Perspective vs. Prospective: How to Choose the Right Word

Perspective is a point of view, while prospective is future oriented

This photograph relies on the technique of forced perspective to create an optical illusion.

Steven Xiong/EyeEm/Getty Images

The words "perspective" and "prospective" are similar, and they share the same root, a Latin word meaning to look. The different prefixes (per- and pro-), however, result in different meanings. The prefix "per-" means thoroughly or completely, while the prefix "pro-" means before in place or time, or a look forward.

How to Use "Perspective"

In a general sense, the noun "perspective" refers to an attitude, an outlook, a set of ideals, or a point of view. In drawing, painting, and photography, however, it refers to a way of portraying (1) three-dimensional spatial relationships on a two-dimensional surface, (2) the angle from which something is viewed, and (3) the proper appearance of objects in relation to each other.

The word comes from a Middle English word and, earlier, a Latin word meaning to look through.

How to Use "Prospective"

The adjective "prospective" is future oriented. It means likely or expected to happen or become in the future—in short, a likely outcome.

The word comes from a Latin term meaning to look toward the future.

Examples Using "Perspective"

Here are some sample sentences using "perspective":

  • The movie retells the Frankenstein myth from the perspective of the creature.
  • "It is true that people, fruit, and puppies can be drawn without knowledge of perspective, but it becomes invaluable when one needs to draw chairs, fruit bowls, and doghouses."
    (David Chelsea, "Perspective! for Comic Book Artists")
  • Studying history can help put the problems of our own time into perspective.

Examples Using "Prospective"

Here are some sample sentences using "prospective":

  • Stricter requirements for prospective parents have made international adoptions more difficult in recent years.
  • "The patron greeted us with his usual blandness, and the next instant turned to me (his prospective dishwasher) and borrowed five francs." (George Orwell, "Down and Out in Paris and London")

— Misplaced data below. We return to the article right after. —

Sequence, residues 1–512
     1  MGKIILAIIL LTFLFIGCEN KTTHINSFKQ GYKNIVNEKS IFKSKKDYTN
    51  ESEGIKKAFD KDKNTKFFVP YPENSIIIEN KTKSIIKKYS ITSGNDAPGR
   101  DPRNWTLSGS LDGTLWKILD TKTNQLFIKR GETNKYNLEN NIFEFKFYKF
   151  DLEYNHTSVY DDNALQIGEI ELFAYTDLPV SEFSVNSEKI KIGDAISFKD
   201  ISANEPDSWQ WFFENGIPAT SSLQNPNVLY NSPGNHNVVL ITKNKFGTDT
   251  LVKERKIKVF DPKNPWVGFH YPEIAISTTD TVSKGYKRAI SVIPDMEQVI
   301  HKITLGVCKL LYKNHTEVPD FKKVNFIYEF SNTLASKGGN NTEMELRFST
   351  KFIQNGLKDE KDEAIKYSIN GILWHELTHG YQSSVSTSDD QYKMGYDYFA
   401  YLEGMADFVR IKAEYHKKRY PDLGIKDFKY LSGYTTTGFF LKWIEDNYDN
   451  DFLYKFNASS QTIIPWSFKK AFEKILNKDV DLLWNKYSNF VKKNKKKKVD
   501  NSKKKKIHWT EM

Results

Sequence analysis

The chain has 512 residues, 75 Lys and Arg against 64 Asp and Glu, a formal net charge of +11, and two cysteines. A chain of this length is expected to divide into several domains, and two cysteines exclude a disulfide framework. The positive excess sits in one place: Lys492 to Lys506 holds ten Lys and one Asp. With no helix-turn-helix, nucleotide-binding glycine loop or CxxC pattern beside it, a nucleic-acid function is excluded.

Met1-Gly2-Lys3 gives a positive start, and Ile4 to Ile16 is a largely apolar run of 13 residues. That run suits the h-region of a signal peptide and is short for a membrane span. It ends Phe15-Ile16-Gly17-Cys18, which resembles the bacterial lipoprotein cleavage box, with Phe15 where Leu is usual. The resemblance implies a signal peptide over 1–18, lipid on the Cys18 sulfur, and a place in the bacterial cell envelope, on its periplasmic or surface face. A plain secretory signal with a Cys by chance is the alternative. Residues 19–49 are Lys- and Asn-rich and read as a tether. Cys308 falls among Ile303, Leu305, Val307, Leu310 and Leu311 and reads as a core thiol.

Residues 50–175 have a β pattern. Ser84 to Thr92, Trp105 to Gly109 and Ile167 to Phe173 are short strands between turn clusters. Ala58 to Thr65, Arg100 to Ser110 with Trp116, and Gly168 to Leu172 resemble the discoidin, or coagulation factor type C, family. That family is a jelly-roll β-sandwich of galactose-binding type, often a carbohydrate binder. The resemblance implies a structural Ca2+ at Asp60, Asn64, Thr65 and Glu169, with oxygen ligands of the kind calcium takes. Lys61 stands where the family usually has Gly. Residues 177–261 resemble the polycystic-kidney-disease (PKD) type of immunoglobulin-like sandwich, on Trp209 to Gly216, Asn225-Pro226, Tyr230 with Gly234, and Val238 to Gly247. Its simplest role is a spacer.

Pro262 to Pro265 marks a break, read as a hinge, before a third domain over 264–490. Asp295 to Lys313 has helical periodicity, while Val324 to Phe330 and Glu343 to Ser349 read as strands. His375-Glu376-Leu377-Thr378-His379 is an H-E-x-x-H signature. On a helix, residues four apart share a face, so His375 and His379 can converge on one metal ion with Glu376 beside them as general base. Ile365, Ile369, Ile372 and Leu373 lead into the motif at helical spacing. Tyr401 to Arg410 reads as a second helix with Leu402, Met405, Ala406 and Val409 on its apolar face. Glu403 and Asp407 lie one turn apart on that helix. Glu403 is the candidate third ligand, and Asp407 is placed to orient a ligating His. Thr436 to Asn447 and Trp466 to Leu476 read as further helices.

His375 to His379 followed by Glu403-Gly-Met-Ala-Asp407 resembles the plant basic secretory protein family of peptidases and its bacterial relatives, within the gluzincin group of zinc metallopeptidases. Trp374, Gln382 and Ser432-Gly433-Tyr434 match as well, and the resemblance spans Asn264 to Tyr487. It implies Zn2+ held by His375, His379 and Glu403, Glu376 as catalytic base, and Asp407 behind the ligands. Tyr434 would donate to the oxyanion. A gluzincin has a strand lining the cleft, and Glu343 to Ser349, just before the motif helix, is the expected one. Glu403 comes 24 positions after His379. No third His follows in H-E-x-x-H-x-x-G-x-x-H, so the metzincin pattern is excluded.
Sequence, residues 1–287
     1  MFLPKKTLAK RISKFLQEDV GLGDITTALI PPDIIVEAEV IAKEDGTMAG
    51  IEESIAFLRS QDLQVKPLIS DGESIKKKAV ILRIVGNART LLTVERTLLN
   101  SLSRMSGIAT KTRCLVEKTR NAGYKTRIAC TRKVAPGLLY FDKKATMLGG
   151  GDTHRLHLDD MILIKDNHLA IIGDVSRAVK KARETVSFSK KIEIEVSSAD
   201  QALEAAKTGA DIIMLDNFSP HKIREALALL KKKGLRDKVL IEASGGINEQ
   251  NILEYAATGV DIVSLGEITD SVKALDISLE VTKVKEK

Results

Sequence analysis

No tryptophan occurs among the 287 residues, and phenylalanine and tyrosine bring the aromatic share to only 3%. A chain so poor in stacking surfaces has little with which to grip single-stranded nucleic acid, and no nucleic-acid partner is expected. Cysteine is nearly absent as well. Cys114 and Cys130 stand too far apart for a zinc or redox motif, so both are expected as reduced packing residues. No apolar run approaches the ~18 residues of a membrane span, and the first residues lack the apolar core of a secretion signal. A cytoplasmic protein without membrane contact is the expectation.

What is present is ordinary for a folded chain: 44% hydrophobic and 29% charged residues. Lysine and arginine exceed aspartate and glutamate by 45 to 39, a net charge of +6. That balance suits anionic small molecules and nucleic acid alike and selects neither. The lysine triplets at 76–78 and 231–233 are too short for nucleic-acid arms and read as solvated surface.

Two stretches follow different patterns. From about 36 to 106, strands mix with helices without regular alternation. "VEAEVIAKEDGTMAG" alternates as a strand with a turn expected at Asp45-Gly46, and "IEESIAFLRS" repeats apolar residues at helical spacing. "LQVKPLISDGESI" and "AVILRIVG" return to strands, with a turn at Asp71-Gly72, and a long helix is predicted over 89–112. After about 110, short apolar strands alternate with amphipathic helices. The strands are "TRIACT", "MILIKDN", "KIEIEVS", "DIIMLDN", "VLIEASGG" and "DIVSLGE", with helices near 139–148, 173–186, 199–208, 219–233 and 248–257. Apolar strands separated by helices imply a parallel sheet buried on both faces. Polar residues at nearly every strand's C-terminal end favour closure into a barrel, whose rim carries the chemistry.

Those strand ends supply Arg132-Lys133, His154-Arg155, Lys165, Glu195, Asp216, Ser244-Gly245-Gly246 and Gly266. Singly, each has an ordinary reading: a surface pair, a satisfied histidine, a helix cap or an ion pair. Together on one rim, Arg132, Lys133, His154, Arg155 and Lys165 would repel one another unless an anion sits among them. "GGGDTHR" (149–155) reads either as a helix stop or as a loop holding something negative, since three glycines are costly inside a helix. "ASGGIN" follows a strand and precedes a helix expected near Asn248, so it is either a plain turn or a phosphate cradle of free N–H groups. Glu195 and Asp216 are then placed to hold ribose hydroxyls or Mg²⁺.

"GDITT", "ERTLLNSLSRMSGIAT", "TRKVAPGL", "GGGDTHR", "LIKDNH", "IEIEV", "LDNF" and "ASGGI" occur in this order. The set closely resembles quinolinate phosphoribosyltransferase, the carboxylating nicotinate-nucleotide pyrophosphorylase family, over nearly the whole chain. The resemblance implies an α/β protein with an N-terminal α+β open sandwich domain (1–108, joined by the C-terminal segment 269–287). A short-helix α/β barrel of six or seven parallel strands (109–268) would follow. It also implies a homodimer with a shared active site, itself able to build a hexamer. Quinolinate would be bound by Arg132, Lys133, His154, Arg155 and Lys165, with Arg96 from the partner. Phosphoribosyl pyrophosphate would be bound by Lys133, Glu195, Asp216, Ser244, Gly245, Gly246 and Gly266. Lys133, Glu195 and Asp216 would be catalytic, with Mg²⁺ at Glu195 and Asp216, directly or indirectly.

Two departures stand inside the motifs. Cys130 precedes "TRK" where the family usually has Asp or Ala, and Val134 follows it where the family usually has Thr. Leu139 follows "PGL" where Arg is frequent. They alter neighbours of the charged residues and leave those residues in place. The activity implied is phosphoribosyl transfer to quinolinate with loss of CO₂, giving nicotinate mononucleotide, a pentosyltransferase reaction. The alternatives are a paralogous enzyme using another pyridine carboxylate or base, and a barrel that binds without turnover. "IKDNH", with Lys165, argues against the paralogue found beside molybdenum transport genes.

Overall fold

• The lawyers from both sides questioned the prospective jurors before a jury was seated.

Idiomatic Uses of "Perspective"

Here are idioms and examples that use "perspective":

  • The expression "to put (something) in or into perspective" means to look at a subject in a broader context to gain a fair and accurate understanding of it.
    "The $3.5 billion investment is enormous by any measure. Put into perspective, it is bigger than the amount Google raised in its initial public offering of stock in 2004."
    (Michael J. de la Merced, "Saudi Stake in Uber Lifts Advisory Companies to Prime Positions," The New York Times)
  • The expression "from my perspective" means "the way I see it" or "from my point of view."
    "I was asked to comment in a meeting once on the topic of listening to children. I said, from my perspective as a grandparent, it was impossible not to listen." (Helen Penn, "Quality In Early Childhood Services")

How to Remember the Difference

One way to remember the distinction between the two words is to recall that people going prospecting are searching for gold or some other valuable mineral that they expect to find in the future. So a miner who sets out for the first time is a prospective gold miner.